sham 69

Sham 69 at Kung Fu Necktie

The first U.K. punks, Sham 69, join No Consent and the Tone Bandits at Kung Fu Necktie for a night of punkness.

Though far less known than their fellow Class of 1976/1977 Brit punk brethren, the Sex Pistols, the Clash and the Damned, Sham 69 and its charismatic lead singer, James Pursey, were releasing its first singles – “I Don’t Wanna” and “Song of the Streets” – at the same time that the Pistols dropped 45s such as “God Save the Queen” and “Pretty Vacant” and the Clash brought forth “White Riot.”

Stranger still, for those keeping score, Pursey actually first formed Sham 69 in 1975 before “punk” officially had its title and speed-driven sound.

sham 69
Sham 69 original lineup

Does this make Sham 69 Great Britain’s first-ever punk band? Perhaps. What is true and unassailable, as you’ll witness at Kung Fu Necktie on Friday, June 28, is that Sham 69 is indeed the longest lasting punk band with original members Pursey, guitarist Dave Parsons and bassist Dave Tregunna intact, and continually Shamming.

Maybe they didn’t get the notoriety of the Clash and its overt politicism, or the Sex Pistols with their controversial Malcolm McLaren-forged show-busy-ness. They had great songs, and Pursey always seemed to be bouncing off the walls while they performed.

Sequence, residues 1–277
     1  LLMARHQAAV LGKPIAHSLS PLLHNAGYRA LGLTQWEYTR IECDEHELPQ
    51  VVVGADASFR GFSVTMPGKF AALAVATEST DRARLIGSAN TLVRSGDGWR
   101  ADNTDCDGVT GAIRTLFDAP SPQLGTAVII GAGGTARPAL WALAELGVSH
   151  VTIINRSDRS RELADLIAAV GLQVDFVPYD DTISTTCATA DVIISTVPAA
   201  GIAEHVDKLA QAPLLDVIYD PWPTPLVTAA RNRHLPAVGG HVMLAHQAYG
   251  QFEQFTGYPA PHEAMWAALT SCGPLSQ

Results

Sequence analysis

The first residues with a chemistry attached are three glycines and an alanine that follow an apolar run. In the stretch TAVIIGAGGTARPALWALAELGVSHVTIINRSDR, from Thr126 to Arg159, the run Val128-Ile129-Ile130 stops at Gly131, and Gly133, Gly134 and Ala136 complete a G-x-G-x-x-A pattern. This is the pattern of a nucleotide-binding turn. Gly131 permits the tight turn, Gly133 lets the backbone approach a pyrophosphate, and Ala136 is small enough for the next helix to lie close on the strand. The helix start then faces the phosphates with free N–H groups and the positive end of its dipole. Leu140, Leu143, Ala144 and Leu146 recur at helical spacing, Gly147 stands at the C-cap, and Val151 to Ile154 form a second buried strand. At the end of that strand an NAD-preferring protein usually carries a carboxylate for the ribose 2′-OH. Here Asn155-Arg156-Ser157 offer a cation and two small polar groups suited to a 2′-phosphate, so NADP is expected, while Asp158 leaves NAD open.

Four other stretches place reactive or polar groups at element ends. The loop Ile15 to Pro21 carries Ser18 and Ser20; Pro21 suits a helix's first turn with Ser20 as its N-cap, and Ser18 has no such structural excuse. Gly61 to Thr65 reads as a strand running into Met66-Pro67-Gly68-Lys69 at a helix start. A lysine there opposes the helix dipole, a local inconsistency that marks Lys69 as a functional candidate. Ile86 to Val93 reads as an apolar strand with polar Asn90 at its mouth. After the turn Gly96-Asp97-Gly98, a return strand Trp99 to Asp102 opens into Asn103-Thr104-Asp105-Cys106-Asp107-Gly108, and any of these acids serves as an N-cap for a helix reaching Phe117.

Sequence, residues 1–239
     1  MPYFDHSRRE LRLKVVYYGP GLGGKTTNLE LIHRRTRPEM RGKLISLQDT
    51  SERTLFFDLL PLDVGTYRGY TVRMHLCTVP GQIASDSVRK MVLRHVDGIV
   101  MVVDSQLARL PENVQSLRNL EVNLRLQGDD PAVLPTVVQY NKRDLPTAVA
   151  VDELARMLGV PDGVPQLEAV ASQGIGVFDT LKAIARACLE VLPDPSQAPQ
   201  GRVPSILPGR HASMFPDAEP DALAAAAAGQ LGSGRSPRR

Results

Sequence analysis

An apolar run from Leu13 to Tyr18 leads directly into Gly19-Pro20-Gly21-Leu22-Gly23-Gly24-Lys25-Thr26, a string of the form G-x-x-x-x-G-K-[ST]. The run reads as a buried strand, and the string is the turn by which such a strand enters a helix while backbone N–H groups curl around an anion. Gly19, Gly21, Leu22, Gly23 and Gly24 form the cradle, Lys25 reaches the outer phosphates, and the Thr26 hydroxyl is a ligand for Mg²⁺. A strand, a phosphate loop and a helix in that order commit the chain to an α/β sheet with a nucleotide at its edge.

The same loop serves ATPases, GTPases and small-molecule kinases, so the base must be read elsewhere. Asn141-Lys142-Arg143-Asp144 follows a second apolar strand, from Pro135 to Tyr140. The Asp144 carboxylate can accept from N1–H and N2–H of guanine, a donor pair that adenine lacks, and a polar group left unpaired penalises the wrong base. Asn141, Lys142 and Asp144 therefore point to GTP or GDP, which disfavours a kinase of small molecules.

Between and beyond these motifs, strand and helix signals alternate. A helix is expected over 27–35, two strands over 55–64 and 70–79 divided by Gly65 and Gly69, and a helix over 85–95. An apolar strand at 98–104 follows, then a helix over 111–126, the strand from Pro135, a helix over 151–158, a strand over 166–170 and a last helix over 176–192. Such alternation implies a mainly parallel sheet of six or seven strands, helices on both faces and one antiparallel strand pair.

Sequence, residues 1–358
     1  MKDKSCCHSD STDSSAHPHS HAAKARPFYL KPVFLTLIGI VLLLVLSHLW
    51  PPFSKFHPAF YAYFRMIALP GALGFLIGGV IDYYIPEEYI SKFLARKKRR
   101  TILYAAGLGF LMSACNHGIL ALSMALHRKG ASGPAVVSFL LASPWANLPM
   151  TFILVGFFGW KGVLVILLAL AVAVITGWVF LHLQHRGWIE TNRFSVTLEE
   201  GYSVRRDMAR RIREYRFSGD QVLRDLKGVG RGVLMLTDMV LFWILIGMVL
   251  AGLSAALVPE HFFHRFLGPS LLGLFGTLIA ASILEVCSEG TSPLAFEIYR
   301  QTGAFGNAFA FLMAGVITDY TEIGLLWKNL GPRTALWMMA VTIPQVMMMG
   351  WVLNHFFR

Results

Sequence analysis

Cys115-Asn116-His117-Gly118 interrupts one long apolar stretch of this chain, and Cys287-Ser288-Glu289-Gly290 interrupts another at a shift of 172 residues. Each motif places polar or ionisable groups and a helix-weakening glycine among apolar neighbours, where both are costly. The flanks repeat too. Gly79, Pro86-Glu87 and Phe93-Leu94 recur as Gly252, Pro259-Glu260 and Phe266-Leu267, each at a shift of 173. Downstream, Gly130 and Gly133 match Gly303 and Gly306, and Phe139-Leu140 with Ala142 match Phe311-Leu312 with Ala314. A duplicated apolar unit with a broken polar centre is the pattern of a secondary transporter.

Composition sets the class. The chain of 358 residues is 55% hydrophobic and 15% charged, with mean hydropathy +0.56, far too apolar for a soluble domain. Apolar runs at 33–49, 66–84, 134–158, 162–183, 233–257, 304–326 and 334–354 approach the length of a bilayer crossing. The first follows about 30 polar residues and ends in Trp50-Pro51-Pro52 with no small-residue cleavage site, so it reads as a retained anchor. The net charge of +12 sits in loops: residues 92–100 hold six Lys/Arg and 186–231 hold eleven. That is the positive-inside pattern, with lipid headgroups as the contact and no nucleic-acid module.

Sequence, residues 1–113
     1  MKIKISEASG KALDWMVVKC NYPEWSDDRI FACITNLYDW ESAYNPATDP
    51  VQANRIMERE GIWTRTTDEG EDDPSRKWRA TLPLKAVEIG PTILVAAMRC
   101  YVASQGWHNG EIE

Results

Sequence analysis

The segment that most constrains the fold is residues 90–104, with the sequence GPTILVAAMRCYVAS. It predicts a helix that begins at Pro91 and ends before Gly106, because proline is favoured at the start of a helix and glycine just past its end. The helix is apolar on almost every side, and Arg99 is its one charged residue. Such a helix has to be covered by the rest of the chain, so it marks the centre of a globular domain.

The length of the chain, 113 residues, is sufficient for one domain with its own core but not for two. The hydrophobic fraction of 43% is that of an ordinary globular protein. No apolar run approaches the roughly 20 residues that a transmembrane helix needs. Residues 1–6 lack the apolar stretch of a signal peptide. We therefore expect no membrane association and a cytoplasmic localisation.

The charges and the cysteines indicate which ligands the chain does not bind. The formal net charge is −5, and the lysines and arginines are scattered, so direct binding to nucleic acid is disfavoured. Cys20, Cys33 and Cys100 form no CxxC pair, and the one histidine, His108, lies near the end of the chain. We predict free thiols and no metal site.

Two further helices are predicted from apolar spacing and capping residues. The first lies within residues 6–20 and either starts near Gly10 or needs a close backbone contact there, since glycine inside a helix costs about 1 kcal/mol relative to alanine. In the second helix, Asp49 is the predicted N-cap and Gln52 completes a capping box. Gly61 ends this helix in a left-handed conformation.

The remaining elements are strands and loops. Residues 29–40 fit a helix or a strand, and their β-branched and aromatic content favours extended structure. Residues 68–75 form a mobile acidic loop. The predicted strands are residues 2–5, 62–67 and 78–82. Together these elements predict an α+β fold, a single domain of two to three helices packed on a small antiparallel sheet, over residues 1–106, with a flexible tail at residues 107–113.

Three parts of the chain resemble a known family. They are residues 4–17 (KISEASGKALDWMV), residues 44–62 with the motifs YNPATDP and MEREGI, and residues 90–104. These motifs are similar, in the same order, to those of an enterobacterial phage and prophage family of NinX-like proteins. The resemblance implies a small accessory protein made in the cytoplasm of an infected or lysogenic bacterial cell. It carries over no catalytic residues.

There aren’t many interviews with the 1978-era version of Sham 69 to be found, but here’s one with the dean of British underground music, DJ John Peel:

Often more of a rushed, power-pop band with an edge than a straight-up punk act (and never a violent Oi band, as Pursey has vehemently denied), Sham 69 were beloved for chart-topping U.K. singles such as “Hurry Up, Harry,” the Who-like “If the Kids Are United” and for making their way into Polish film director Lech Kowalski’s underground classic D.O.A.: A Rite of Passage. If you don’t know the movie, you know the poster.

sham 69

When Sire Records boss Seymour Stein was filling his new label with downtown New York City punks such as the Ramones and Talking Heads and ventured into new wave and dance-pop with Madonna, he took a shot with Brits such as Sham 69 and released its first albums Tell Us the Truth, and That’s Life in America

Like the Sex Pistols, when they broke apart after their first album, their lead singer went on to make his own music and form his own bands. Only Pursey did something whack—he hooked up with the remaining Sex Pistols not named Vicious or Rotten, Steve Jones, and Paul Cook, and titled their ensemble the Sham Pistols.

Along with uniting again as Sham 69 in 2011, Pursey, Parsons, and Tregunna do something too few old headbands, punk or otherwise, would: they continue to make new studio albums such as 2021’s Black Dog and their just-released To the Ends of the Earth. I can’t promise that anything from their new 2024 album sounds anything like “Hurry Up, Harry,” but they’re alive, vibrant, and out there, slamming and Shamming at their best.

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